Jack Warner Doesn't Want the World to Know About Trinidad's Drug Murders
Jack Warner used to be the Vice President of that long-standing harbourer of the corrupt, FIFA, but he resigned last year when he was accused of bribing some Caribbean football officials. Because the fact that he was caught on video doing so apparently means absolutely nothing, Warner was then appointed as Trinidad and Tobago's National Security Minister.
Mr Warner's most recent minor whoopsie-daisy came when he ordered Trinidadian police to stop releasing murder statistics, because he claims that reports of violence encourage people to commit more crime. And, presumably, because a murder happening every 17 hours (on average) doesn't make a Security Minister look particularly good at his job.
Most of the violence is committed by the hordes of drug smugglers who use Trinidad and Tobago as a go-between as they leave South America on their way to Europe and North America. The smugglers bring guns to protect their drugs, but leave without them, selling them on the streets to anyone with the right amount of cash and an overwhelming desire to kill another human.
Seyi Rhodes, a documentary-maker who we spoke to a while ago about Nigeria's millionaire preachers, made a film about Trinidad and Tobago's massive murder rates last year. Seyi visited while an 11PM curfew was in place in the capital city Port of Spain, and witnessed police making multiple arrests on murder suspects. I called him up to get his opinion on Jack Warner's crafty little plan.
Seyi during his trip to Trinidad, standing in front of five men who had just been arrested.
VICE: Hey Seyi. So you went when the curfew had just been introduced. What was the atmosphere on the streets like?
Seyi Rhodes: Hi Jamie. Things were pretty normal in the day, except for the huge rush to get things done before the curfew time. It definitely annoyed everyone who runs night-time businesses, but because it was done at a time that didn't affect Christmas or Carnival, and was only implemented for a short while, it didn't really get to the stage where people were kicking off about it.
The police had the right to go into anyone’s house whenever they wanted and arrest them. Was there any evidence that that was making the situation worse at all?
Yeah, a lot of people definitely found it antagonistic. Trinidad is a very split society and the borders of the curfew were quite carefully defined to regulate the poorer areas, so people in those areas obviously found it very intrusive. Another issue with that, which a lot of people raised at the time, is that they were only addressing the lower level criminals and not focusing on anyone at the top.
What do you personally think about this order from Jack Warner?
Well, for a start, I don't think it's going to work. I think the police almost instantly ignored it. The police have been told to withhold statistics in the past, too, so it's something that gets brought up quite often, but it never really works. Also, Trinidadian politics are very rhetorical; there are lots of flourishes and plenty of people having tantrums in the press, so I think this is just a passing thing. Plus, it's very difficult to get a law like that through. I think the only thing it will really do is put more pressure and scrutiny on the stats. And rightly so, because they're quite shocking.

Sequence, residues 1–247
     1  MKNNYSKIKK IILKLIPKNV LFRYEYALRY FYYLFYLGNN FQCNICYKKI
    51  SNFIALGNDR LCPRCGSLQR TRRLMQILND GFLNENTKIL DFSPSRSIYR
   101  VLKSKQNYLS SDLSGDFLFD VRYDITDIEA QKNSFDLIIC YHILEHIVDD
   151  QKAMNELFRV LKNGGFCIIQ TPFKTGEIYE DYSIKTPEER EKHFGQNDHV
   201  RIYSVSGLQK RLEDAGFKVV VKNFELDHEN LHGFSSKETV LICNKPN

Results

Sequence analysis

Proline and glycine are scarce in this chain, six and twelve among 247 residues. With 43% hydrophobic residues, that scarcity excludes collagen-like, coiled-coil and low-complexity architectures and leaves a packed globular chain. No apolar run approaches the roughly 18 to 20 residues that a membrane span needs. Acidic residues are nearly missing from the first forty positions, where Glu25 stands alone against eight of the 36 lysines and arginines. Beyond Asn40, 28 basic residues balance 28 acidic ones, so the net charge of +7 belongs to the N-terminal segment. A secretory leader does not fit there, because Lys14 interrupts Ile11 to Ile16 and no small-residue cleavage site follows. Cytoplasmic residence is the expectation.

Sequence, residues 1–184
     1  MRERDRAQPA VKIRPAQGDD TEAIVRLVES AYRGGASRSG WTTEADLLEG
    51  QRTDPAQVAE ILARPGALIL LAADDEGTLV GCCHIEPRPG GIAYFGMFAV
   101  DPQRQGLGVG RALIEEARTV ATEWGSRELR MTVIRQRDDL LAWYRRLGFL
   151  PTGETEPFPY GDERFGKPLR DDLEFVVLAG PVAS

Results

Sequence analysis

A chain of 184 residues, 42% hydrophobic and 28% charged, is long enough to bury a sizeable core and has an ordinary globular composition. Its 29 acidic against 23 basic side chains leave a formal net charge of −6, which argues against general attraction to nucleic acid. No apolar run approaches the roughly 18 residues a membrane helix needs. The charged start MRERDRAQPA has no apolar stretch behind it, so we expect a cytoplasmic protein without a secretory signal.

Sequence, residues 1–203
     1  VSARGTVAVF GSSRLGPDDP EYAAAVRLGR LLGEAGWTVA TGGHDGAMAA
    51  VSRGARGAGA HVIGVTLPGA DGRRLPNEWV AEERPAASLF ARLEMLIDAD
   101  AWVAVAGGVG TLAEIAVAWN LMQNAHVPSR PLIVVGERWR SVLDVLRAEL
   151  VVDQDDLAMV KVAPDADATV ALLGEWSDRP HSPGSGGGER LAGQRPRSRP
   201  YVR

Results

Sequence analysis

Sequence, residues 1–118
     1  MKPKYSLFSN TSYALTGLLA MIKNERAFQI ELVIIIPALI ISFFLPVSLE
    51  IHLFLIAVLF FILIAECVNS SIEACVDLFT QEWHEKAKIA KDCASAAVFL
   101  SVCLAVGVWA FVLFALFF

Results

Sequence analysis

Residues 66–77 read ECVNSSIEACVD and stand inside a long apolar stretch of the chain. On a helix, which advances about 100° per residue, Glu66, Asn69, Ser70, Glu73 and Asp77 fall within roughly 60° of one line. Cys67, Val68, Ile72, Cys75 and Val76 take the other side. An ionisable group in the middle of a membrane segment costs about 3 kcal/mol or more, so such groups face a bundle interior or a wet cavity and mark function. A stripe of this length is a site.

One of the guns Seyi saw on his trip. Firearms are easy to get a hold of on the streets of Trinidad and account for around three quarters of all murders there.
Do you think there's any basis at all in what he's saying. Do the facts fuel a self-fulfilling prophecy at all?
No, I don't think so. When there are more murders, gang members are aware that there are more murders and that there are more people getting away with it. Releasing the figures just makes the middles classes aware.
Yeah. Do you think this is just going to dent politicians' reputations more?
Well, Trinidadians are a pretty cynical bunch at the best of times, so I don't think this is going to help the relationship between the politicians and their people very much. A lot of opinions about the politicians are tied up in conspiracy theories – who's in league with who, which politician is in which drug smuggler's pocket – blah, blah, blah.
Sure. Did you form any opinion on what might help solve the crisis while you were out there?
That's a really tough one. Drug smuggling isn’t something that can be controlled very easily, but I think it’s something that they should be focusing on. It's basically impossible to stop drugs from being smuggled through the country, but a much stronger approach from the legal perspective would help.
Locking people up rather than letting them go and not showing anyone the statistics?
Yeah, if people were being given proper punishments, it would at least show that Trinidad isn’t a country where people can get away with this sort of thing,
But that's going to take a while.
Yeah, it's so wound up in the society there now. Also, Trinidad is one of those countries where there’s a lot of competition between the different arms of government – so, between the police and the politicians in charge of the police, for example. If egos could be left out of it, I think that would make a huge difference.
Like, with the curfew, police didn't really know what they were doing and the courts thought it was a load of rubbish and were more focused on not affecting people's rights, so the lack of coordination meant it never really worked. If they can coordinate better, it might actually make some sort of difference.
Okay. Thanks, Seyi!
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